But for example Photoshop lets the user specify the amount of RAM that is to be used by it. That [I guess] would be a solution to this issue in Mp3tag
I can. But how will it help?
I did not know if this RAM purge / retaking of RAM from Mp3tag was triggered by some process / third party software or just happens gradually over the time, because I have not observed a pattern yet. My report of behavior was just a statement of fact with the minimal output of data: a difference in time it takes to perform a re-load shortly after initial load-up of files and a re-load performed long time after such initial load-up. So when should I take that screenshot: before load-up and / or immediately after it and / or some time after and / or long time after it; prior to a re-load which turned out to be a slow one? We want to see how much RAM is used in a given moment?
If yes, then I did now some tests with the help of Resource Monitor. I was never able [like during a load-up of more and more files to CorelDRAW] to get my
Standby RAM lower than ~125 MB. And after stopping the filling-up-process it steadied at ~400 MB of
Standby. And the overall observations are consistent with my predictions: the more RAM is grabbed by other programs, the more likely Mp3tag will loose it hold on it- thus making the re-load of files slower. And when RAM is fully utilized then even an immediate re-load will be slower. And sometimes after closing other software and gaining as little as 500 MB of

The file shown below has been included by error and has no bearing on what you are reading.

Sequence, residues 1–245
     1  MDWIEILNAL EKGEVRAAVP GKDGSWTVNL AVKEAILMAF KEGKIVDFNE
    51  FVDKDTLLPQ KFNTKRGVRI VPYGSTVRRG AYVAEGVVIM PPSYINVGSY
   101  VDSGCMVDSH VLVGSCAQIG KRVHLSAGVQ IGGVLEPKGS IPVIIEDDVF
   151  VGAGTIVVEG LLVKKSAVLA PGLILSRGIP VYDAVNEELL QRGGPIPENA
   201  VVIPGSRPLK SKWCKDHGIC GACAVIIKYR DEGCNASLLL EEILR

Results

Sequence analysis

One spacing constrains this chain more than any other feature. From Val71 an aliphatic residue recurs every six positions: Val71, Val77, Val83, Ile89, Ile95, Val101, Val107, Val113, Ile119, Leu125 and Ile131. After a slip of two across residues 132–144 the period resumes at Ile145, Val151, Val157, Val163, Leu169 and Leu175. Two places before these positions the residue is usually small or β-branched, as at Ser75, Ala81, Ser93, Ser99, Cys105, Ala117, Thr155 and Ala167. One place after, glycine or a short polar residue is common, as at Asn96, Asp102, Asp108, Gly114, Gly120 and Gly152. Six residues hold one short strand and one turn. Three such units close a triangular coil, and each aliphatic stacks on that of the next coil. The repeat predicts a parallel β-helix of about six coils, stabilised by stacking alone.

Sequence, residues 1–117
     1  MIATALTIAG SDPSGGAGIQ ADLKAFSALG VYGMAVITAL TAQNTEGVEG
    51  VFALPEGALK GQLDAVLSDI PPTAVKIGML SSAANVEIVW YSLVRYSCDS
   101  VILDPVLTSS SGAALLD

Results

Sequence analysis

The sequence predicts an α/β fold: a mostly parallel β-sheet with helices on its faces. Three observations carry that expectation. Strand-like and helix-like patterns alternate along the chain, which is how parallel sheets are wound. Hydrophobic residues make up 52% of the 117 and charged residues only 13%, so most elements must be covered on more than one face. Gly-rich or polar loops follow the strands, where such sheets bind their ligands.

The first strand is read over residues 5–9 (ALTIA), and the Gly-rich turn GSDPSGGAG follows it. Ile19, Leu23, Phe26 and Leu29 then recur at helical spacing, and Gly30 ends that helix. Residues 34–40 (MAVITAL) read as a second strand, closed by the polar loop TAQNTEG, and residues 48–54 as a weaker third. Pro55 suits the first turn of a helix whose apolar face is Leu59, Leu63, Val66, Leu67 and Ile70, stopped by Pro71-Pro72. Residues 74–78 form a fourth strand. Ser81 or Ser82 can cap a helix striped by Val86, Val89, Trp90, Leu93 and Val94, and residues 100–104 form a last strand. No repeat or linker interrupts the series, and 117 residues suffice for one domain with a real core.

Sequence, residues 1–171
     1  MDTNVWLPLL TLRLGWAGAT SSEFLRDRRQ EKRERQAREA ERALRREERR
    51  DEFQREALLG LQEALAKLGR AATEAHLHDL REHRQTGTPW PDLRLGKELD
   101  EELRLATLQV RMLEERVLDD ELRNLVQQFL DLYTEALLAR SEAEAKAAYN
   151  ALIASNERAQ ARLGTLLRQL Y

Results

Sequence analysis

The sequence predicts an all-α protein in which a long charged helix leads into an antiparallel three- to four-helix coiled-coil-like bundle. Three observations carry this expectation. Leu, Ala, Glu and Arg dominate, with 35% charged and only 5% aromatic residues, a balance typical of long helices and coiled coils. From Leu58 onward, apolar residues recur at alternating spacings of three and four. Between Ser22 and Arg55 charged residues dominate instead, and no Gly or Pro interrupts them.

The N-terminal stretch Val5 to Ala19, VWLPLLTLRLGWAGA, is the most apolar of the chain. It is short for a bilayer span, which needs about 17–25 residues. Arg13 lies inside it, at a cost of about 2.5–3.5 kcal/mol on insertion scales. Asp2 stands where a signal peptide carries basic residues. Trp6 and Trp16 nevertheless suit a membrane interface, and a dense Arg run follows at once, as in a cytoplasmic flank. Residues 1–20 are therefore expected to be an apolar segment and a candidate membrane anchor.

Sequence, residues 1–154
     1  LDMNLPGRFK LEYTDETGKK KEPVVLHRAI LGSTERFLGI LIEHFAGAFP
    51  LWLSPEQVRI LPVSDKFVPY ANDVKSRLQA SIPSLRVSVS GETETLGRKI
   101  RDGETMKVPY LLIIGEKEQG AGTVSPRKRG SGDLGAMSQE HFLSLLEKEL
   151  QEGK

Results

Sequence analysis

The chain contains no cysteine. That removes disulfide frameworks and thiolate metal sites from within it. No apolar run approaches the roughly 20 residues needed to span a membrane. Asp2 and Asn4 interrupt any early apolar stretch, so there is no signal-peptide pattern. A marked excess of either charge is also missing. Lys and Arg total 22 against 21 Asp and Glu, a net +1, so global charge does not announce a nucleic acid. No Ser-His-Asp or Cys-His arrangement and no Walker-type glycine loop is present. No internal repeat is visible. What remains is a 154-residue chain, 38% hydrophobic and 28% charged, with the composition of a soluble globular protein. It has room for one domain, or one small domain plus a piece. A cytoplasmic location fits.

Standby RAM the re-upload process to Mp3tag becomes faster - while at other times I needed more than that despite still using the same set of files. [Trying now to figure out what program affects how this process would be a tedious work and not really beneficial to the case]
But in the light shed by my tests: cannot Mp3tag be told to hold on to once acquired parts of RAM? Cannot the user be allowed to tell Mp3tag to hold on to the grabbed RAM- and by grabbed I mean at least that part of it that was needed for the load-up of the current set of files? All of this could be definable in Options [with the current state of things / inner workings being the default ones]
Or would this be precisely what you had in mind when you wrote about the outcome?
As for a workaround
Should I just insert physically more RAM to the system?
I have 16 GB; of which during a normal usage 3 GB are left on
Standby and 6.5 GB are shown in Resource Monitor as
Free. But as my long time experience and nowadays test show, that unused half will be taken by big pieces of software like Photoshop and Corel and used up with time as the work in the progresses